Blandy Experimental Farm has revealed nature’s secrets for decades
BOYCE — Most of Virginia’s historical markers highlight places where history was made.
But a sign just off John Mosby Highway (U.S. 50) in Clarke County denotes a place where history — of the environmental science variety — is still being made.
As has been the case since Orland E. White arrived in 1927 and began planting trees, scientists and students from the University of Virginia work to reveal nature’s secrets at the Blandy Experimental Farm. Its research arboretum — named for White, its first director — is a natural laboratory for scientific discovery and a training ground for future scientists.
“From the very beginnings this place been all about research,” said Tim Farmer, the facility’s public relations coordinator, “and that definitely continues as we speak.”
David Carr, who served as Blandy’s acting director for two years before being named director four years ago, said some of White’s students went on to become high-profile scientists, and that tradition continues. Students who pass through the experimental farm now wind up teaching at top universities or running their own research programs.
“What we’re trying to help grow here,” he said, “is the next generation of scientists.”
Most of the research at Blandy — Graham F. Blandy bequeathed 712 acres to U.Va. upon his death in 1926 — is ecological in nature, Carr said.
It can be used in a student’s dissertation on how the amount of carbon dioxide released into the soil by decaying plants changes based on a site’s age.
It can be a project conducted with the American chestnut foundation to create a hybrid with the Chinese chestnut. American chestnuts have been devastated by a blight the Chinese chestnuts are resistant to, and researchers are attempting to create a blight-resistant hybrid that has as much of the genetics of the American chestnut as possible.
Or it can be becoming one of the first sites to be part of the National Ecological Observatory Network, known as the NEON project. The National Science Foundation effort examines important ecological issues nationwide.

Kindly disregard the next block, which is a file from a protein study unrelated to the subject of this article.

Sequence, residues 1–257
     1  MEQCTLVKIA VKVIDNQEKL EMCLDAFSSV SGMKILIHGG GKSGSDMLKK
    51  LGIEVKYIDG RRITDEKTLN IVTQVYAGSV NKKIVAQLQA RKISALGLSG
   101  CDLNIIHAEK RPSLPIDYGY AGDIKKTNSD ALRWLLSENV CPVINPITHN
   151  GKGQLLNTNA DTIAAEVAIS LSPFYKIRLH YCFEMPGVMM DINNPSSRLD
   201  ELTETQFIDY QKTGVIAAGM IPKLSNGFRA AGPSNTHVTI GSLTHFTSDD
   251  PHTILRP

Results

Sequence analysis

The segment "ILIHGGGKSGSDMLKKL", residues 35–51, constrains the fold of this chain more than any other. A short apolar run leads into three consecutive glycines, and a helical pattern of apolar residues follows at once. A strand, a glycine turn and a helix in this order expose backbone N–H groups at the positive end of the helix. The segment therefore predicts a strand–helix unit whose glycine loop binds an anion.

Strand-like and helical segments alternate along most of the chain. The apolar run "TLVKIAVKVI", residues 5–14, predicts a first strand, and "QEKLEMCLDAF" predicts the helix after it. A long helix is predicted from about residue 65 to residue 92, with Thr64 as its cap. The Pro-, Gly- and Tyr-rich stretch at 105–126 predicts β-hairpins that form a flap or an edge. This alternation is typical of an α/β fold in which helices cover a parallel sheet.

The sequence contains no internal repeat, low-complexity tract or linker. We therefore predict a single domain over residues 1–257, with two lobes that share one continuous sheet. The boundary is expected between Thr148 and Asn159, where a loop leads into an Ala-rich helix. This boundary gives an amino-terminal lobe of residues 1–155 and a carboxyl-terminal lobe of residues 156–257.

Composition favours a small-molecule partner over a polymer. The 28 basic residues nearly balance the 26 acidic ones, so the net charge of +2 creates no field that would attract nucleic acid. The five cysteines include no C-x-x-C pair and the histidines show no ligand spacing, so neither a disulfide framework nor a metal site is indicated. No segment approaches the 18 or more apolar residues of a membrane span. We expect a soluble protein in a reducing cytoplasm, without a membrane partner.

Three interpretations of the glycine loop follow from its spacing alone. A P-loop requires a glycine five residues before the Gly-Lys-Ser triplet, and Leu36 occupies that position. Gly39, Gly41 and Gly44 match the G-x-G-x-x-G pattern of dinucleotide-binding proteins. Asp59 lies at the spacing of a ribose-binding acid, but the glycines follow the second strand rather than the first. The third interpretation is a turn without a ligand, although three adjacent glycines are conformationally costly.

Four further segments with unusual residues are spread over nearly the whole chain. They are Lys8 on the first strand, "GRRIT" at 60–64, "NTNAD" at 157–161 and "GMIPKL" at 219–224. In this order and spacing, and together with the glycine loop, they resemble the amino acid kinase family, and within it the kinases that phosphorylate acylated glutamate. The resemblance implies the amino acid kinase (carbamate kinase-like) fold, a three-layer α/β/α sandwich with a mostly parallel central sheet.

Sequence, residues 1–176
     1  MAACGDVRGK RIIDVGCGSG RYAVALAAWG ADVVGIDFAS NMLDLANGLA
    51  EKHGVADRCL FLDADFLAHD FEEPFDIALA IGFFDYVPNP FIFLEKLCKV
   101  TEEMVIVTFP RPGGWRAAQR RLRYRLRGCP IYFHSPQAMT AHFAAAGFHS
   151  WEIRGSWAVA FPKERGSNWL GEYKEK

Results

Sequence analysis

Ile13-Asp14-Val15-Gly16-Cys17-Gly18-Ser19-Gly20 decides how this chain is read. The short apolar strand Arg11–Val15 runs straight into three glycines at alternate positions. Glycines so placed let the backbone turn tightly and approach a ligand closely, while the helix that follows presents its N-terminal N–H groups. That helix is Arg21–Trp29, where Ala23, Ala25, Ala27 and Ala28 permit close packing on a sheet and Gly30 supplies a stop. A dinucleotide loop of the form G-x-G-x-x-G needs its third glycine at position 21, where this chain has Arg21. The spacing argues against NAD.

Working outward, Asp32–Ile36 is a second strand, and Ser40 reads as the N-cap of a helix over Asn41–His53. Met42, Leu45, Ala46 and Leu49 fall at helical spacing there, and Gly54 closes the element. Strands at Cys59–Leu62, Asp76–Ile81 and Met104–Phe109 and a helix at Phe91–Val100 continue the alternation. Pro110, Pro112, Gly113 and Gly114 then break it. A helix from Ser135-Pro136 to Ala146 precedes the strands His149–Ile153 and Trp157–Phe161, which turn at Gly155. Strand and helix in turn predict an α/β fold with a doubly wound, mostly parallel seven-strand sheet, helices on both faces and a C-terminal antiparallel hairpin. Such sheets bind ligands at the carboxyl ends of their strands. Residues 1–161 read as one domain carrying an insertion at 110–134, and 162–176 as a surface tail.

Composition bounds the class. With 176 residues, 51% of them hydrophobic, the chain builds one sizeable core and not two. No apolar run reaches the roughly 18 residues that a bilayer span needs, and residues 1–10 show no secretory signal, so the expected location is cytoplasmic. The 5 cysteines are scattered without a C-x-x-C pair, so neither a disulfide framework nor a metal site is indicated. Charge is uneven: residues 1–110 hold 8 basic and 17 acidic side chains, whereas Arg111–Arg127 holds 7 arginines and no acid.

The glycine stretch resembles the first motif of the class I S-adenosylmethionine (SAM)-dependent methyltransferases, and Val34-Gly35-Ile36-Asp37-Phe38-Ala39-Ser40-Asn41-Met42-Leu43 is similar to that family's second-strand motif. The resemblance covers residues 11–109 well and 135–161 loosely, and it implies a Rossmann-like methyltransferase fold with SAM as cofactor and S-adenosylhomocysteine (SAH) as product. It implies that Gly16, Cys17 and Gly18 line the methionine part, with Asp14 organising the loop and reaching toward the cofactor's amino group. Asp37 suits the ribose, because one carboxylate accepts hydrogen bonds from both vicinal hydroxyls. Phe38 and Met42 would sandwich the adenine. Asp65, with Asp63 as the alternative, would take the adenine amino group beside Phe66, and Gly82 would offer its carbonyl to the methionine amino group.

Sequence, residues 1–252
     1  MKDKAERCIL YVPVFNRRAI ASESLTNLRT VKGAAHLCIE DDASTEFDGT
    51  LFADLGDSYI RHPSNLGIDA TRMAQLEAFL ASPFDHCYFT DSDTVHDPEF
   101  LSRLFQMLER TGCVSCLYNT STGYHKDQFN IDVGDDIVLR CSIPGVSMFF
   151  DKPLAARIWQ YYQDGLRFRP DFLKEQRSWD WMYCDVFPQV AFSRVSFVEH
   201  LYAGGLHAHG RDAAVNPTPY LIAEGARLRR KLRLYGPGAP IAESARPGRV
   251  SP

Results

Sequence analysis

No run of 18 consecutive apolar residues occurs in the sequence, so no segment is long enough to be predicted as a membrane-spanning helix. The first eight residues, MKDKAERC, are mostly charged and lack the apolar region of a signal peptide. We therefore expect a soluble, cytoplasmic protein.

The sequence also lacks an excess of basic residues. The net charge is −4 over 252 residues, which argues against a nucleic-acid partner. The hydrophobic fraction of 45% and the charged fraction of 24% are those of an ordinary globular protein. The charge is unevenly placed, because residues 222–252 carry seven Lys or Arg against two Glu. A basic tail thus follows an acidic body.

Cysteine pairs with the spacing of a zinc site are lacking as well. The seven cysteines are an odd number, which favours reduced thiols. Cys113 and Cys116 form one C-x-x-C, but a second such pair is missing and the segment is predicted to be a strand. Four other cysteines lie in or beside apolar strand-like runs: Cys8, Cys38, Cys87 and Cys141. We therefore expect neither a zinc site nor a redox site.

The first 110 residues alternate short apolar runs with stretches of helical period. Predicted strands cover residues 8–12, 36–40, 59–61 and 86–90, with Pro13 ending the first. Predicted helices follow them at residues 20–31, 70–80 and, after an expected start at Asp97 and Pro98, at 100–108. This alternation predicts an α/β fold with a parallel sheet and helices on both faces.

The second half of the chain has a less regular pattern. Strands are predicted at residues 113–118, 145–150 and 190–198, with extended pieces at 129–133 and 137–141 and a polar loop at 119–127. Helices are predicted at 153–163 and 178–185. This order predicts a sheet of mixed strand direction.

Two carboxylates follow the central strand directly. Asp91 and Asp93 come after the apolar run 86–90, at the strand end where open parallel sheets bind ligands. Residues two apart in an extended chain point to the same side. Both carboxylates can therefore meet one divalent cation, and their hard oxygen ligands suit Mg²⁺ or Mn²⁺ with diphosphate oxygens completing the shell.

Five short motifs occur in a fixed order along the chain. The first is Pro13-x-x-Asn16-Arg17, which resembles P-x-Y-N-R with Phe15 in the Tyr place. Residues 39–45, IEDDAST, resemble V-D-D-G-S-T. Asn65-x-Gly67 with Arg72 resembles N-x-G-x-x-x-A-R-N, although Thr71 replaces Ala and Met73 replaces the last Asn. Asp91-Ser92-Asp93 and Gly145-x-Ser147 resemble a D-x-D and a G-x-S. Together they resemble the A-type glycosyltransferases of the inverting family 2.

The research, however, isn’t all focused on plants and soil.
Farmer said one continuing project is studying the habits of bumblebees, which pollinate many plants.
A researcher has glued a radio-frequency identification tag to multiple bees and placed a scanner at the hive, collecting data on the number of times a day a bee leaves the hive and how long it is gone.
Some of the research, Carr said, is a modern version of work White and others did decades ago, before the discovery of DNA.
“What they did know in his day,” he said, “is that chromosomes were the part of the cell nucleus that contained the hereditary information. What White and many students did was look at the chromosomes of many species of trees and compared those chromosomes across species to try to understand how the different groups of trees related to each other.
“Understanding that relationship might tell you something about the evolution of that group. It was very cutting edge back in the day.”
Carr said scientists at Blandy are studying DNA sequencing to try to determine the same information White was seeking in the research farm’s early days.
“The big questions don’t change all that much,” he said. “As our technology gets better, we get a deeper understanding of the answers and we’re always trying to get to that answer, but it’s a very slow process.”
Farmer said that in the 1950s, director Ralph Singleton studied whether radiation could generate mutations to improve sweet corn and other plants. Finding beneficial uses for radiation was a major emphasis in those Cold War-era times, and scientists wondered if it might increase yields or have other positive ramifications.
Singleton, who became known in the scientific community as the “Father of Hybrid Sweet Corn Breeding,” determined that radiation was not beneficial to plants, Farmer said. The cobalt radiation source, the pit in which experiments were conducted and all other remnants of those projects were removed from Blandy in the 1960s.
The experimental farm and arboretum has a paid staff of 25 full- and part-time employees, and its operating budget for fiscal year 2013 is $1.8 million.
Its efforts are supported by the Foundation of the State Arboretum of Virginia, a nonprofit group that helps to raise funds for the organization.
While the research is a major focus, it’s not everything that occurs at Blandy.
The experimental farm also features the 172-acre State Arboretum of Virginia, which welcomes visitors to its grounds 365 days a year. Fees are charged only for special events or programs, Farmer said.
Arboretum marketing has increased in recent years, he said, and the results are evident. In fiscal year 2012, according to Blandy’s annual report, 174,388 visitors were recorded. Just eight years earlier, the total was 79,433.
That, Carr said, is a major difference between Orland White’s Blandy and the modern experimental farm. Community outreach, particularly in the form of school tours, is a big part of its efforts, and attracting the next generation of environmental scientists is a potential byproduct.
“Our public programs are front and center now,” he said. “Blandy regards its mission not only as training and educating students in a traditional university setting but also helping create an educated and informed public.”
— Contact Vic Bradshaw firstname.lastname@example.org